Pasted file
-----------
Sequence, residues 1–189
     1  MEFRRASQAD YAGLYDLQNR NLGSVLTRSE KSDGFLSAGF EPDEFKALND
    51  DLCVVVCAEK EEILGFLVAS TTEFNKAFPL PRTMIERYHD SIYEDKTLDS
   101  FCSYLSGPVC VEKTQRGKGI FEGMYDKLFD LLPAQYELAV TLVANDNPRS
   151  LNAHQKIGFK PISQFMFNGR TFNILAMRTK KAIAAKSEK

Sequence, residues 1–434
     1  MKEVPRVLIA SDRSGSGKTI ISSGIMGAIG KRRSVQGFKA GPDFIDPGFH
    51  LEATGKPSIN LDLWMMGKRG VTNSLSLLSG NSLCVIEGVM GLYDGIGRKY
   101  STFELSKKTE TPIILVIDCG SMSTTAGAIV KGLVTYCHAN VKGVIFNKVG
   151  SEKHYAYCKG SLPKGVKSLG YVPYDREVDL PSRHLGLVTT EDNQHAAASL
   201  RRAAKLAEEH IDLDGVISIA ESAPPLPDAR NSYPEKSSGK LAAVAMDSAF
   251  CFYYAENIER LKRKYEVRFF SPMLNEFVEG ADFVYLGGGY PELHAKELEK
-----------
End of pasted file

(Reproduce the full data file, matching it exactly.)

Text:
Sequence, residues 1–189
     1  MEFRRASQAD YAGLYDLQNR NLGSVLTRSE KSDGFLSAGF EPDEFKALND
    51  DLCVVVCAEK EEILGFLVAS TTEFNKAFPL PRTMIERYHD SIYEDKTLDS
   101  FCSYLSGPVC VEKTQRGKGI FEGMYDKLFD LLPAQYELAV TLVANDNPRS
   151  LNAHQKIGFK PISQFMFNGR TFNILAMRTK KAIAAKSEK

Sequence, residues 1–434
     1  MKEVPRVLIA SDRSGSGKTI ISSGIMGAIG KRRSVQGFKA GPDFIDPGFH
    51  LEATGKPSIN LDLWMMGKRG VTNSLSLLSG NSLCVIEGVM GLYDGIGRKY
   101  STFELSKKTE TPIILVIDCG SMSTTAGAIV KGLVTYCHAN VKGVIFNKVG
   151  SEKHYAYCKG SLPKGVKSLG YVPYDREVDL PSRHLGLVTT EDNQHAAASL
   201  RRAAKLAEEH IDLDGVISIA ESAPPLPDAR NSYPEKSSGK LAAVAMDSAF
   251  CFYYAENIER LKRKYEVRFF SPMLNEFVEG ADFVYLGGGY PELHAKELEK